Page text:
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Federal Judge Stops Driver’s License Suspensions for Unpaid Fines

December 23, 2017 Criminal Law and Procedure

A federal judge has issued an order stopping the Michigan Secretary of State from suspending the driver’s licenses of persons with outstanding traffic fines.

This is a win for Michigan residents who struggle to pay off traffic debts and whose licenses are suspended because they are unable to pay fines.

There are about 100,000 people in Michigan with a suspended license.

While a driver’s license in Michigan is a privilege, the consequences for not having a license is harsh. Without a license you cannot drive to work, limiting your ability to earn income or get a job. The cycle continues because then you’re unable to pay off the tickets which lead to the suspended license in the first place. The unfairness of the license suspensions is glaring. The rules do not have the same impact on people who can pay off tickets.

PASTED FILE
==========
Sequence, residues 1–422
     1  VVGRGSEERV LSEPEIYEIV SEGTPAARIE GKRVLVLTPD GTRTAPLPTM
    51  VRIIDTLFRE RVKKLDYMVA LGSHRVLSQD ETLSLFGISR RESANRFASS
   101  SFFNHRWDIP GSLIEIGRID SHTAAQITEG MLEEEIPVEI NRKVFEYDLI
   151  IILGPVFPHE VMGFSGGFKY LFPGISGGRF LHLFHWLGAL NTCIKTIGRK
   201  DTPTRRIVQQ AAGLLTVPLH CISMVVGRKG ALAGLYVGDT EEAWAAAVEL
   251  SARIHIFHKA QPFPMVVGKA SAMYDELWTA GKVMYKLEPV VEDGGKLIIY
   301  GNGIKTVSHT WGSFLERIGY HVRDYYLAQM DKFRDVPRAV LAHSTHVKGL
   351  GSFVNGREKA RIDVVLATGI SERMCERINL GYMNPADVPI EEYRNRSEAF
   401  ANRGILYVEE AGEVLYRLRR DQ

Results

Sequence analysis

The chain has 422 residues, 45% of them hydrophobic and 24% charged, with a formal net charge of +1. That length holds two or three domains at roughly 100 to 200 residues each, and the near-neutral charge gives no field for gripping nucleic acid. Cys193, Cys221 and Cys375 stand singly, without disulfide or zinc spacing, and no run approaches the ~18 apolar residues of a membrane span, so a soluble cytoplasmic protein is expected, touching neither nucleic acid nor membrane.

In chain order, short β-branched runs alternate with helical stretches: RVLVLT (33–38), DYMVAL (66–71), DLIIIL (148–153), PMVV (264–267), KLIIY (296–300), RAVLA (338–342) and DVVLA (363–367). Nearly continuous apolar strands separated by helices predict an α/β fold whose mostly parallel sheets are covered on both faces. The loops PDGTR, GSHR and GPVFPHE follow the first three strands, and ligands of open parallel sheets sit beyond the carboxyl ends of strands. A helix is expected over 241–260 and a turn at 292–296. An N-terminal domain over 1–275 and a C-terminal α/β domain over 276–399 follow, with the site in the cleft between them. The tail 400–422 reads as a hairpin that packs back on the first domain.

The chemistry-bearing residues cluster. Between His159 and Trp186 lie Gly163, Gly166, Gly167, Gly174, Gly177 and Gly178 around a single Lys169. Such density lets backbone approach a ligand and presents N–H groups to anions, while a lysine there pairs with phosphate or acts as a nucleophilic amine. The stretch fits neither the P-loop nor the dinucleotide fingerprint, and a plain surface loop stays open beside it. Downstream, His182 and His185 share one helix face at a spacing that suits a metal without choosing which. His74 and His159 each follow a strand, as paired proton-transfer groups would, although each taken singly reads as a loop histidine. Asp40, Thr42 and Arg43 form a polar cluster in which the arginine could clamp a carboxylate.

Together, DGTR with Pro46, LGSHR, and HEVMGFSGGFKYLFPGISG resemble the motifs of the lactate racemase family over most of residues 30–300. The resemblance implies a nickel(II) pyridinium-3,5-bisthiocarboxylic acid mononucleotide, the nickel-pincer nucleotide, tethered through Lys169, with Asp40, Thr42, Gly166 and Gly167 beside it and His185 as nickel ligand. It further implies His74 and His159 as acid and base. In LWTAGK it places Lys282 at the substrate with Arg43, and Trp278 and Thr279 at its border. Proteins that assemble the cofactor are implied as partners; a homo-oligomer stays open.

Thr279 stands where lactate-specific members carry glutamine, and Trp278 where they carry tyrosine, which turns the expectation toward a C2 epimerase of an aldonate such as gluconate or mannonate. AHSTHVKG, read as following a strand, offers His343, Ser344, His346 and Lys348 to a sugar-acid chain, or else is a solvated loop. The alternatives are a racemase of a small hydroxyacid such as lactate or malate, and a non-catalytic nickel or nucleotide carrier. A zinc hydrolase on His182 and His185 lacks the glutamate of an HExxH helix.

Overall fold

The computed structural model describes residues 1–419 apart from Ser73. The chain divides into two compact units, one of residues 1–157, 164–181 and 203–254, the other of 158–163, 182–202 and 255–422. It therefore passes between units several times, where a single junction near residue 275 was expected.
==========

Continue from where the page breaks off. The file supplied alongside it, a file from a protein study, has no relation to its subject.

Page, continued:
In the Judge’s Words

Judge Linda Parker of Flint stated, “individuals lacking the means to pay their Michigan traffic debt do not receive notice and an opportunity to meaningfully challenge the threatened revocation of their licenses … And unlike many states, Michigan’s statutory scheme does not include a provision informing individuals that they can, with approval of the court, pay any traffic debt by establishing a payment plan.”

Judge Parker went on to say, “Affording individuals an opportunity at a pre-revocation hearing to request alternatives to paying their traffic debt in full would provide an incentive for them to appear in court in response to traffic citations. It likely would also increase the chance of the State recouping the debt.”

In a second hearing the Secretary of State asked the judge to freeze her ruling. The judge declined to do so.

Driving on a Suspended License Penalties

A driving on a suspended license charge is a misdemeanor, punishable by 2 points on your driving record, a $500 fine, or 93 days in jail.

The penalties for a charge that is a second or more offense are increased. The penalties are still 2 points, but a $1,000 fine and up to one year in jail.

If you’re license is suspended, then catching a driving offense while on the suspension will increase the time of suspension.

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ArborYpsi Law is located at 4158 Washtenaw Ave., Ann Arbor, MI 48108.

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Call ArborYpsi Law at 734-883-9584